In a flash he’s in front of her again, his hand curling gently around her wrist. She looks at him, confused, her heart speeding up with unknown anticipation. Holding her hand in his, he presses a business card into her palm, his fingers brushing hers to seal them tight over the small piece of paper.
“Stay in touch,” he whispers, a gaze meant just for her peeking through his downcast lashes. He knows too well how easily one can fall out with another. Fighting alongside Wes and Gunn and Cordy last night opened him up to a loss that he hadn’t known he felt. He needed them, and he had just walked away. He had walked away from Sunnydale when things got rough, turned his back on a possible love. Drowning in Darla, in the pool of dark despair he found himself in with her, he realized that his curse isn’t the belabored moment of happiness. It’s not being able to connect with those around him.
With their touch still lingering, Kate looks down at the card, at his hand holding hers. When their eyes meet, she remembers their embrace all those months ago.
“Fuck it…” she mutters and tilts her head up so that her lips close over his in a heated kiss. There is a moment of hesitation, and then he responds, a possessive hand wrapping around the small of her back to drag her close. He didn’t want to assume, didn’t want to push. But her tongue leaves no ambiguity, so he sheds his sense of propriety like a wet dog shaking off rain water, fast and brusque. The imminence of her departure brings his unearthed yearning for her to the surface, each kiss excavating the hidden thicket of longing that he squirreled away. Pushing her bag off of her shoulder, he takes because she wants, and immerses himself in satisfying his craving.
Their lips meet in quick jabs, pecking at each other hungrily, but with underlying reserve because in many ways they are still strangers and she can’t stand the idea of playing the helpless, love-struck damsel. It’s been a long time for her, though, and all the suppressed need that she’s bottled up since the sensitivity training urges her to open her mouth wider against his. His lips are cool and dry, and she sucks at them gently to work up some moisture because her whole life is about chafing and fighting and right now giving is the only thing on her mind.
With her arms linked beneath his armpits, she feels the faint ripple of his shoulder blades beneath her palms as his hands come up to skim along her torso. Each steady press of his fingers coaxes pants from her, breathy and hot so that her breath dots his face with warm patches of heat. A tug has her flush against him, belly pressed to his, breasts grazing the cotton of his shirt when his hands latch flat to the small of her back to keep her steady. She stumbles sideways, her knees loose, and he bolsters her like he did in the shower, holding her up while she drowned.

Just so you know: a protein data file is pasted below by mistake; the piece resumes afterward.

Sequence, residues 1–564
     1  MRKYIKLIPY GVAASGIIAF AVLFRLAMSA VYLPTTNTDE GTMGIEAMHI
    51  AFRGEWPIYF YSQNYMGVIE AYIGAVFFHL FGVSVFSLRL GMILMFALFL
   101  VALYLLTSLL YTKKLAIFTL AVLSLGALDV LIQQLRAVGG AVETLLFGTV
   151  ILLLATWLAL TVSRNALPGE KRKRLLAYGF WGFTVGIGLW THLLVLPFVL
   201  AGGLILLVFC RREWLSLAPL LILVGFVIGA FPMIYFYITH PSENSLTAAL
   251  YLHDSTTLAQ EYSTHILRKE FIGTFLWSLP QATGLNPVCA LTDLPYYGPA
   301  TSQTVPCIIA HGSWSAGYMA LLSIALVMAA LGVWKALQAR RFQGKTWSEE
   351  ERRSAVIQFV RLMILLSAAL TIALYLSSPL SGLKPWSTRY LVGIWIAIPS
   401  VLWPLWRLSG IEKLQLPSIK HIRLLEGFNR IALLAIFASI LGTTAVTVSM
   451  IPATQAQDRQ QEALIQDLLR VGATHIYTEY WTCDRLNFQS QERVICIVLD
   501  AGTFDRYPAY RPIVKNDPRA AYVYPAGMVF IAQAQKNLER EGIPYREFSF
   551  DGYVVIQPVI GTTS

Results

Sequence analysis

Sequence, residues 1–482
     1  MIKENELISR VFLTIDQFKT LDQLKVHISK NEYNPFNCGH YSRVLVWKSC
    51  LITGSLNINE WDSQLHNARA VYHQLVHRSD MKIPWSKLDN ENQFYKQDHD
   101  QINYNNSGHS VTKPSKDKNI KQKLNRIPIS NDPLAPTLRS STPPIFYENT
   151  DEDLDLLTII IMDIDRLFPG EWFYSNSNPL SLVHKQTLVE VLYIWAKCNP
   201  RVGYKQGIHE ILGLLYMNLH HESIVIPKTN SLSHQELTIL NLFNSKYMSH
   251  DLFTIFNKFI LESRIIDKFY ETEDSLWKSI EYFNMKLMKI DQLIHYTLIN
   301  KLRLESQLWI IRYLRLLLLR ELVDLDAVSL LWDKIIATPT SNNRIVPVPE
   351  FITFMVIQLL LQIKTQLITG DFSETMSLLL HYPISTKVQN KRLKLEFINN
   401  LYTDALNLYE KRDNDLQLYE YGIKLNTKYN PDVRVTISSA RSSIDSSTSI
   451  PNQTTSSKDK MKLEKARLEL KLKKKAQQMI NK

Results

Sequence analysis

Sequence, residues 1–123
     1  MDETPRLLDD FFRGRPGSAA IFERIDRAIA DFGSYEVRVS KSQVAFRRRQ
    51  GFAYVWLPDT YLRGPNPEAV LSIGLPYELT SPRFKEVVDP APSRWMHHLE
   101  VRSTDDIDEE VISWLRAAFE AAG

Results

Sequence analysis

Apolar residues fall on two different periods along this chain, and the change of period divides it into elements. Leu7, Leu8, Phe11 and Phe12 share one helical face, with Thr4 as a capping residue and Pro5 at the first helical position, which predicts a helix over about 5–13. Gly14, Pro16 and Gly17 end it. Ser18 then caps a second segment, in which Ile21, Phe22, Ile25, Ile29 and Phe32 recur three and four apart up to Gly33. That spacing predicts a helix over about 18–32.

Cracking her eyes open, she sees that his are closed, a one-eyed Cyclops in her too-close field of vision. Their lips pop and slide, the noises of their kisses urging her onward because it’s the first real and authentic sound she’s heard all night. Her hands rub a line across his belly up under his shirt, and his skin is smooth except for the swells from his sledgehammer encounter that created small hills along the landscape of his chest and abdomen.
When he first met her at the club two autumns back, he had felt a connection, tapped into her solemn lonesomeness and fraying anger. They’re alike in many ways, so having her against him with her need and fierceness and desire unleashed makes him acutely aware of his own hunger. He forgets what it’s like to have a human woman full of unfulfilled passions in his arms, unjaded by the simplest touch and brush of his lips. In Sunnydale, it was innocent eagerness, the blossoming of newfound sexuality. Then there was Faith, who kissed with a purpose, a haughty knowing skill. He’s relieved that he doesn’t see Darla’s wicked smile staring up through her eyes. His sire’s cruel intent flashed full throttle only the night before when she sat riding his cock to exhaustion.
Right now there is Kate, who wants to be held and loved, and as much as she’s sought it, it’s been denied her at every turn. Her kisses are raw and uncensored, manically spilling across his lips because intimacy comes with a price and she never did manage to earn enough credit to have her father’s love.
His eyes flick down to her, a tiny whimper catching his attention when she clutches his shirt and moans quietly. The sound appeals to his baser urges, and his cock rises to attention in response. Fingers in her hair, he angles her chin up, draws her in, and fulfills her hushed, but no less urgent plea to be consumed and seen and known. It’s always about goodbyes, so he makes it a memorable one, the hot press of lips causing her blood to run quicker. His regret comes to her encoded in their kisses, shallow thrusts of his tongue a stylus for his longhand recollection of every missed opportunity and unseized moment. Pulling him down closer, her palm worries the short hair on the nape of his neck, and his lips skim her cheek, her brow, her ear. Her breath saws the air and catches when the tips of his fingers graze her breast on its descent to her waist.